The following is a "confession" of sorts. Mistakes I've made which I hope may help others to avoid similar pitfalls.
* * *I’ve always admired those who could juggle family, birthday parties, soccer, and PTA, and still find time to write. I made some efforts during my children’s growing years, but they were pretty pathetic. My mother, a highly successful children’s book author, told me, gently, that perhaps writing wasn’t for me. (It was a real thrill some years later when she changed her mind.) But, believe me, wisdom didn’t come easily. Below are some of the pitfalls I encountered.
Shooting Myself in the Foot.
There was a business downturn in the early ‘90s that prompted me to give up my costuming business and become a full-time caretaker for my husband, who had suffered a massive stroke. Retiring from the costume business also allowed me time for writing. At last. There were no author groups, particularly not romance groups, in my area, so I plunged in blind. And made Mistake Number One. The Sometime Bride came to 140,000 words. But these were the days when an author could still submit directly to almost any New York publishing house, so I blithely sent it off to Ballantine. Mistake Number Two: when I received a letter from a senior editor stating they were interested in Bride if only I’d make the heroine older, I stood on my high horse and responded that my heroine had to be that age. The book simply didn’t work otherwise.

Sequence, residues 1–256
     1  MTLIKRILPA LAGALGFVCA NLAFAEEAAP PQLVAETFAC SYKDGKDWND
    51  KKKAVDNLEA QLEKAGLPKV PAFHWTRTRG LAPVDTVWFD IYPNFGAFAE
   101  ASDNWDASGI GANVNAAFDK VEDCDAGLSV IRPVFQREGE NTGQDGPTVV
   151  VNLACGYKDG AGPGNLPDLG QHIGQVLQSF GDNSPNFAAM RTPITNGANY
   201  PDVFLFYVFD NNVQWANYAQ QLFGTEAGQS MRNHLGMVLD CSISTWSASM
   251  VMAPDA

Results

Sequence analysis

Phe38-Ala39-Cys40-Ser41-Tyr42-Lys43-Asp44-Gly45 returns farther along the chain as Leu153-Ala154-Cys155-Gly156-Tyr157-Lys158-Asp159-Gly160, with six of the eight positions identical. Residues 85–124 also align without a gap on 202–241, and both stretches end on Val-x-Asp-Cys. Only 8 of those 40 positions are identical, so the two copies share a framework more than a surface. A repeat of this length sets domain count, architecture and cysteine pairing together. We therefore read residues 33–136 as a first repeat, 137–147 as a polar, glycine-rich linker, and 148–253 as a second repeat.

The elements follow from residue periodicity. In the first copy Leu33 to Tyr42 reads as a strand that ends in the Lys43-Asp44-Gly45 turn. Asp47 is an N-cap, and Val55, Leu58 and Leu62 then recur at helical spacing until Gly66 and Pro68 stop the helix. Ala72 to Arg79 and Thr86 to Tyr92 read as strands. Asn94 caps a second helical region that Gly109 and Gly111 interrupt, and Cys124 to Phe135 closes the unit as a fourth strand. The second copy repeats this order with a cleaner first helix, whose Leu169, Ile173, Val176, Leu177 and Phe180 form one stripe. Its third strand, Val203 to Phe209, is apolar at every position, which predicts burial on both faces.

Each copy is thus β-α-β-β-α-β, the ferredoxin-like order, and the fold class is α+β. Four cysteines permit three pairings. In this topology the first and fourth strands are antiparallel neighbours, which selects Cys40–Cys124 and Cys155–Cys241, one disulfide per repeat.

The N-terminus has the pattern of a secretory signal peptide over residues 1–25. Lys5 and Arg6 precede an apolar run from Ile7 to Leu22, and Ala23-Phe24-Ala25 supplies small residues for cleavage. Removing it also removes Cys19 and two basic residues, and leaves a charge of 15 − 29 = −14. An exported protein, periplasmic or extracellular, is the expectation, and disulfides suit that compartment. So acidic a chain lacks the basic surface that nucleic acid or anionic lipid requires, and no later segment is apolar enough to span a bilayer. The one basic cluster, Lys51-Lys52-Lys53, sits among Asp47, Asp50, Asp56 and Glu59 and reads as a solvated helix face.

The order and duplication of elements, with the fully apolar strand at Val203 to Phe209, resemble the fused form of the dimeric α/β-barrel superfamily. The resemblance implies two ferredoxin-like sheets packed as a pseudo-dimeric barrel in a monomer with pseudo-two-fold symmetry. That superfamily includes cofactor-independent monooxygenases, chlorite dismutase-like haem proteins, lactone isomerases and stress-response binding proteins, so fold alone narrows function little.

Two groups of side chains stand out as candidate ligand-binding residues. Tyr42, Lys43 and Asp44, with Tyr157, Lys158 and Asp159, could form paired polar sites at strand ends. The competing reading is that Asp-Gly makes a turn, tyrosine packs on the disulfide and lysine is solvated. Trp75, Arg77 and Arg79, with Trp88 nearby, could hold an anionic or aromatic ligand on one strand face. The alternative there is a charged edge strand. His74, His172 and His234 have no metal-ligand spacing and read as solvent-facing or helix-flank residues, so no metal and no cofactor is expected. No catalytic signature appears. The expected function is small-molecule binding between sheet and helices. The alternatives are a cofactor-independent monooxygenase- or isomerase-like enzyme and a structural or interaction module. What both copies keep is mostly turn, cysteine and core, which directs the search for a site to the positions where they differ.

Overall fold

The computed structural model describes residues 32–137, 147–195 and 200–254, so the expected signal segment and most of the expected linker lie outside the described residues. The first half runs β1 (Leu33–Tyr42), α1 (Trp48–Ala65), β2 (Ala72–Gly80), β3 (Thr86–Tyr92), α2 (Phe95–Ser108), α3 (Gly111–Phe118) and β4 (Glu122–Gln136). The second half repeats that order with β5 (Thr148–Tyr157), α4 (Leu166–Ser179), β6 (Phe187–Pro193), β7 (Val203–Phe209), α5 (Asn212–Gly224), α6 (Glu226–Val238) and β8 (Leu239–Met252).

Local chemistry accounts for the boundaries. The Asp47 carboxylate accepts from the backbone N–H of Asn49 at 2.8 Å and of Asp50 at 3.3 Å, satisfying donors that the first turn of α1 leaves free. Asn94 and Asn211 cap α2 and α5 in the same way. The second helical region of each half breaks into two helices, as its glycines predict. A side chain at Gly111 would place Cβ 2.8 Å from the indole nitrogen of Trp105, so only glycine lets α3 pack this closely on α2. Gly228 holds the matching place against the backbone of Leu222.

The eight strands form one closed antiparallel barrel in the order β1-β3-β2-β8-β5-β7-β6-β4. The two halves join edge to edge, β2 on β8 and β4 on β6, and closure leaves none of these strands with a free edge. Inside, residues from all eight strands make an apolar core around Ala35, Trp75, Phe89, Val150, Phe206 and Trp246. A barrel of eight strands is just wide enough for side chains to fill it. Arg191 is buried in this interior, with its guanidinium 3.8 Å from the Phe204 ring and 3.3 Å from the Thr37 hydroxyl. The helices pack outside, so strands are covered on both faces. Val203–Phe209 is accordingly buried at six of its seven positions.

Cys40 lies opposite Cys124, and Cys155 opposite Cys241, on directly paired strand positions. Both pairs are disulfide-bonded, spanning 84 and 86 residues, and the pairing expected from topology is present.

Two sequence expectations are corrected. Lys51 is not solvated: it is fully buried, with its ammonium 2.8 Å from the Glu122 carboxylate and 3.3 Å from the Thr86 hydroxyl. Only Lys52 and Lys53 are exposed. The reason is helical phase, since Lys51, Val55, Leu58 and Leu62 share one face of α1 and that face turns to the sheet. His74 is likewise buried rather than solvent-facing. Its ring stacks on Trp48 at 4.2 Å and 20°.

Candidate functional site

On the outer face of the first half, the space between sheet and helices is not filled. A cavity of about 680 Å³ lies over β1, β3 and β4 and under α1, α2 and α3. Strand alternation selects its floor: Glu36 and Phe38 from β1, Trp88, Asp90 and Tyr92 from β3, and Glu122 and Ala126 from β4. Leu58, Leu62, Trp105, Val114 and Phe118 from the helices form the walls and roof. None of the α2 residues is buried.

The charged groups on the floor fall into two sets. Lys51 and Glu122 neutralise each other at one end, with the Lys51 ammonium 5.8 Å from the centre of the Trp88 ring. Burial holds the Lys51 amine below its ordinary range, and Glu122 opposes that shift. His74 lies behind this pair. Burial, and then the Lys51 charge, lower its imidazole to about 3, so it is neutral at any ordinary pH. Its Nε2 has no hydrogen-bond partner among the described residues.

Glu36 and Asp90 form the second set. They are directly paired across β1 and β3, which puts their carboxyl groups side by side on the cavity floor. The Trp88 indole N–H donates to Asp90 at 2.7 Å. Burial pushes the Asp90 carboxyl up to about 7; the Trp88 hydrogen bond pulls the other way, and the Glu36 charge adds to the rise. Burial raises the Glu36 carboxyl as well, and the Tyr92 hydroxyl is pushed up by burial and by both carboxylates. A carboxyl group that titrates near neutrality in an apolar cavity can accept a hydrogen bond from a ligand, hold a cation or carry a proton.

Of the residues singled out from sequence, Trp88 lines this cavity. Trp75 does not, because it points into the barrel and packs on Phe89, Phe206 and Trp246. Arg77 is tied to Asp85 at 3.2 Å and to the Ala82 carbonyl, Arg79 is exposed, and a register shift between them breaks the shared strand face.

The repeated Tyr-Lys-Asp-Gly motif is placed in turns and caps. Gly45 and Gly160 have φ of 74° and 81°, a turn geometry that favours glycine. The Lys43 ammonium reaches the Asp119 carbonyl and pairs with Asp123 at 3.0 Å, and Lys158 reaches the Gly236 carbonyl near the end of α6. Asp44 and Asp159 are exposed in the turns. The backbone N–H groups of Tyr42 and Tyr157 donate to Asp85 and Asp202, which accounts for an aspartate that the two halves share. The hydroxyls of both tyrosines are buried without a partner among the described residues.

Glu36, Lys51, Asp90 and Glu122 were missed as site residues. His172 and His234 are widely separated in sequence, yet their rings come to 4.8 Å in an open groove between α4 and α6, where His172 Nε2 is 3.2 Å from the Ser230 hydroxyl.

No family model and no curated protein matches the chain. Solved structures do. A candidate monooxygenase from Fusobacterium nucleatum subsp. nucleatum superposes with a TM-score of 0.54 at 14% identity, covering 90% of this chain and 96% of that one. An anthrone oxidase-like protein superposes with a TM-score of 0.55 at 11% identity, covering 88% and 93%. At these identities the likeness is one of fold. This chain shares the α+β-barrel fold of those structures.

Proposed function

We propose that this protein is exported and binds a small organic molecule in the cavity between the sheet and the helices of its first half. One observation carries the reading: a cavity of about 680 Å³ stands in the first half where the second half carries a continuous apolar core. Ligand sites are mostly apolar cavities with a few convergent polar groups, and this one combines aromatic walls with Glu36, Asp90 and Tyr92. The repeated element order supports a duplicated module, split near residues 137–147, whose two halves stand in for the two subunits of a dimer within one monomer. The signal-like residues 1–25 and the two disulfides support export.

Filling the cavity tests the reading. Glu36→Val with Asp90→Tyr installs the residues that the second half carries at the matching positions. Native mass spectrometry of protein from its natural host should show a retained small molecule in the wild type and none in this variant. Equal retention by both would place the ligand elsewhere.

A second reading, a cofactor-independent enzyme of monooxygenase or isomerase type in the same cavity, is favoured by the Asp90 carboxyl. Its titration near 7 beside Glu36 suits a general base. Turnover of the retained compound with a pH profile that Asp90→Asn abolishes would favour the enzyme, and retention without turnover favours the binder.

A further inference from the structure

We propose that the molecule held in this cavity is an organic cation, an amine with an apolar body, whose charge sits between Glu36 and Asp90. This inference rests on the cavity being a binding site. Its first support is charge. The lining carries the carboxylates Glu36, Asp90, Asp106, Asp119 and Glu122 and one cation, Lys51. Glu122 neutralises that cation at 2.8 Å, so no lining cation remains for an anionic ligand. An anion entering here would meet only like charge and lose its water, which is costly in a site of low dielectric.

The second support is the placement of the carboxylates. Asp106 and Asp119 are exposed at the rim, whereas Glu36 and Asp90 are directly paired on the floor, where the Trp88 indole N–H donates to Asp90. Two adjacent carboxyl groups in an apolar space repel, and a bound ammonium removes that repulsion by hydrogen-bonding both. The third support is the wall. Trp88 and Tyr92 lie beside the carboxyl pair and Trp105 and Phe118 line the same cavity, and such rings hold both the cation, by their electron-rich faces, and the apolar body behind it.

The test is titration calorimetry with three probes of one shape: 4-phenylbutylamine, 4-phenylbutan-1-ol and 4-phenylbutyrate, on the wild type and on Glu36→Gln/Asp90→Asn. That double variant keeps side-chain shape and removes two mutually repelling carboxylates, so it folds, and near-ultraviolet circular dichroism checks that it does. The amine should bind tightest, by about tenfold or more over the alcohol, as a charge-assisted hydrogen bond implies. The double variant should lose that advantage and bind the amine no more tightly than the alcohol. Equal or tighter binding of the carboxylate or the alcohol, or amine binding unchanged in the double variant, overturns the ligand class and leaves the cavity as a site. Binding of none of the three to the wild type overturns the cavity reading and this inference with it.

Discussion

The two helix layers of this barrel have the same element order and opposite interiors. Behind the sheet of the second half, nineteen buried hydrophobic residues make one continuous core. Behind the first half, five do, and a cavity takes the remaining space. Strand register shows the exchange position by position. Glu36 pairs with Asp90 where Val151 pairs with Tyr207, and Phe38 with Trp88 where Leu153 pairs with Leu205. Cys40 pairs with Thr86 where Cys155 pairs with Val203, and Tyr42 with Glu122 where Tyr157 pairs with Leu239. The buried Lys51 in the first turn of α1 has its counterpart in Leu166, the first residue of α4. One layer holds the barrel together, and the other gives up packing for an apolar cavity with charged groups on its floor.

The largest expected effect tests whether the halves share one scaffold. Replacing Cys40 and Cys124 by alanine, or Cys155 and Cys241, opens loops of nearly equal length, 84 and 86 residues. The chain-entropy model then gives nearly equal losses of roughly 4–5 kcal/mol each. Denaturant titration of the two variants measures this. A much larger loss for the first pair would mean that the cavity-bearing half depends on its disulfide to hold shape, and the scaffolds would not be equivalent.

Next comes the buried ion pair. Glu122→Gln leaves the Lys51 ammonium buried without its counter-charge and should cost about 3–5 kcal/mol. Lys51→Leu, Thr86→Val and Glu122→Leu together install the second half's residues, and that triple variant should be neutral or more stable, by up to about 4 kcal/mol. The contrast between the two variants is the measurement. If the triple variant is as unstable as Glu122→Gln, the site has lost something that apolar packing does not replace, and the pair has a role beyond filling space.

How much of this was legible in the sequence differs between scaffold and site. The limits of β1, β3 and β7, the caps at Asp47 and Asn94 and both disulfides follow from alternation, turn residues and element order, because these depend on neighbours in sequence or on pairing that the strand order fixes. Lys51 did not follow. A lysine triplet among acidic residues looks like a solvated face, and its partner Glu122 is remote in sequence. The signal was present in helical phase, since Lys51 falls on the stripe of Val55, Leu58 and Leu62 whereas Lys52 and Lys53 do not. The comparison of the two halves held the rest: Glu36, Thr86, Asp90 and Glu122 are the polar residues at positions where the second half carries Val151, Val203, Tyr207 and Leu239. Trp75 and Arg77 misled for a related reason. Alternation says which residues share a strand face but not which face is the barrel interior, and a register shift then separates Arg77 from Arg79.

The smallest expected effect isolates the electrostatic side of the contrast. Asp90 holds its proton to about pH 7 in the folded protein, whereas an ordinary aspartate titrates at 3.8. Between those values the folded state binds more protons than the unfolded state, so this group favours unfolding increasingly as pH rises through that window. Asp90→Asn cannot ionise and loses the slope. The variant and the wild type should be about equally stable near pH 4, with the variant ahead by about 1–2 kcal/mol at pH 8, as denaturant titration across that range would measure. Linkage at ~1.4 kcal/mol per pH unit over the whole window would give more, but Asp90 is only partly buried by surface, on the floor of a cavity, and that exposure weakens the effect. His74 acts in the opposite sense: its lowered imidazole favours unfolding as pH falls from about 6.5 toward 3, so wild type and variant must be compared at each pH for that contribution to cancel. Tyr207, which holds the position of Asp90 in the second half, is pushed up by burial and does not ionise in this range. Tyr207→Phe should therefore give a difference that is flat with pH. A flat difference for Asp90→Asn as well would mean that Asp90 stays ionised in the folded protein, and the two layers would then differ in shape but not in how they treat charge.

It was the early days of e-books, and fortunately Starlight Writer Publications didn’t feel the heroine was too young. In August 2000, The Sometime Bride came out to reviews I still cherish. But later, after the demise of that early e-publisher, I found homes for other books, but not for Bride. Evidently, Editors have been so sensitized by the publicity on twenty-first century pedophilia that they wouldn’t take a chance on a heroine whose marriage age was not unusual for her time. Morals of both Mistakes: if a publisher asks you to make changes, even if you feel strongly about it, be open-minded. Try to work with it. Such a great opportunity may never come again. Also: modern sensibilities do affect historical novels, so think before you write. It’s easier to avoid writing something that might not play well with readers than give up a scene or two you absolutely love.